Figure 3
Figure 3
Figure 3
Figure 3a: SHADOW ray-tracing profile of focused beam for longer beamline, incorporating two-stage horizontal focusing and one-stage vertical focusing.
Deserving additional consideration are the possibility and implications of a 1 μm beam size beamline being able to deliver a larger beam size (up to ~100 μm if called for) while still offering a capability of a ~1 μm beam size in the same endstation. We have modeled an approach to pursue this which embodies removal of the second horizontal focusing mirror (i.e. use one-stage focusing in the horizontal direction) and adjustments of the focal lengths of the remaining upstream horizontal focusing mirror as well as the vertical focusing mirror downstream. Only a very slight adjustment of the vertical focusing mirror's focal length is necessary, which could be achieved by tilting it slightly (e.g. an adjustment by just 25 μrad is sufficient to increase the vertical beam size to 50 μm). The beam profile determined through ray-tracing using SHADOW, which is shown in Figure 4, illustrates how an approximately 50 μm square beam could be realized through such an approach. An alternative approach which involves provisioning the long experimental station with a second K-B mirror system located farther upstream, that would substitute for the micro-focusing K-B mirror system, can be pursued as well. In either scheme, slight deflection of any of the upstream mirrors can ensure that the beam will propagate past the micro-focusing K-B mirror system (or at least past the horizontal focusing mirror of this system) without striking it, and thus the delicate micro-focusing K-B mirror system can be left undisturbed save for the possible need to tilt slightly its vertical focusing mirror.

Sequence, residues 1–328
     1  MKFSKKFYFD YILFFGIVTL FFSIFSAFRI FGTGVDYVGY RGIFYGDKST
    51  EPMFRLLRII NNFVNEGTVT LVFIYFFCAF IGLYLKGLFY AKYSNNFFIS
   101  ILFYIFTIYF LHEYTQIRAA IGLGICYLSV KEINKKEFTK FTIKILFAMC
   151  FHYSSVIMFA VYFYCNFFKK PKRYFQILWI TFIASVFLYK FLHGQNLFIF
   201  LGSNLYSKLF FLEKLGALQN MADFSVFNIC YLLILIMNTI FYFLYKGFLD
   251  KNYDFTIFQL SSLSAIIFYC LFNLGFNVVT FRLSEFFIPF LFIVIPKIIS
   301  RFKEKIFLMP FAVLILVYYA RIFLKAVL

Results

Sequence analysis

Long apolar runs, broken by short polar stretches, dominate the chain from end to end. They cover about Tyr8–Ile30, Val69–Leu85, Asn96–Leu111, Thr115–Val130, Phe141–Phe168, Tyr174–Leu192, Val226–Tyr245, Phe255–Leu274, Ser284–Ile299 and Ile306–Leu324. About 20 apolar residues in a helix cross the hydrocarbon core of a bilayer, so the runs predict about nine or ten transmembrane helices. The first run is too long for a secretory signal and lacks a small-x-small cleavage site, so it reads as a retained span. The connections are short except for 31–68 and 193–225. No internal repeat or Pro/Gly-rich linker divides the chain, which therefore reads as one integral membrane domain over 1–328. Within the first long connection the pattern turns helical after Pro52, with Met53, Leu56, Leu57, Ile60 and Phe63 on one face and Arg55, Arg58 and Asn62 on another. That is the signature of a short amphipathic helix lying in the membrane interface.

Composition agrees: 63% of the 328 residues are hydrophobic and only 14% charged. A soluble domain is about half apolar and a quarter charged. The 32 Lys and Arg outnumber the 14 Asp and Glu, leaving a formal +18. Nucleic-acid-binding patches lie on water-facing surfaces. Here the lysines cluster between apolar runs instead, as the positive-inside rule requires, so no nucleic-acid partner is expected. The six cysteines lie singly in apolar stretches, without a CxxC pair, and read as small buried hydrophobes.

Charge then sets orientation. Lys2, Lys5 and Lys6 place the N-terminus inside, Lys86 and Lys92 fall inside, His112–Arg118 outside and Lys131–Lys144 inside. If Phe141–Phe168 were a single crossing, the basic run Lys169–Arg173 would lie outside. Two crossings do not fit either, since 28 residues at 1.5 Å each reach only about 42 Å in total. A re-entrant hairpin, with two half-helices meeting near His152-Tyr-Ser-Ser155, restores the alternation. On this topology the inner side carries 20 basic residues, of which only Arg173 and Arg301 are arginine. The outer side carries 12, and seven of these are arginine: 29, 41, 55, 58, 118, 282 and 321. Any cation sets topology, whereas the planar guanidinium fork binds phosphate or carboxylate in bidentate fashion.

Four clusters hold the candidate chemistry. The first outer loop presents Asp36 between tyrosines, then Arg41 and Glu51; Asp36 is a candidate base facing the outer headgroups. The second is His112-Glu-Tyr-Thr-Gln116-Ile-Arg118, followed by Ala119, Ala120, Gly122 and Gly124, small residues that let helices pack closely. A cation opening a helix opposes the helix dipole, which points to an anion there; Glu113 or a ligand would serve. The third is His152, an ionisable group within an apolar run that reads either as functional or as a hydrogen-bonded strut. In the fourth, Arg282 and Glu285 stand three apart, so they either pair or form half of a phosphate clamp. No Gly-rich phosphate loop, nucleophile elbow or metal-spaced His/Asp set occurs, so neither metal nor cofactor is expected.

Figure 4
Figure 4
SHADOW ray-tracing profile of beam for longer beamline, realized by using single-stage horizontal focusing using the first horizontal focusing mirror alone, and slight defocusing of the vertical focusing mirror.
Summary
Tunable micro-focusing canted undulator MX beamlines can be designed in ways to achieve different objectives, to permit them to function independently with minimal potential for interference, and allow for some flexibility in the implementation of their focusing systems. We have demonstrated this conceptually by employing the properties of canted NSLS-II U20 undulators installed in a low-β straight section. Such beamlines are currently in preparation at PETRA-III and are envisioned at NSLS-II.
Acknowledgements
We gratefully acknowledge the engineering and design support which was provided by Lewis Doom and Brian Mullany of the NSLS-II Project. This work was supported by the US Dept. of Energy, the US National Institutes of Health, and the New York Structural Biology Center.
Footnotes
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*This work was supported by the US DOE, the US NIH, and the New York Structural Biology Center.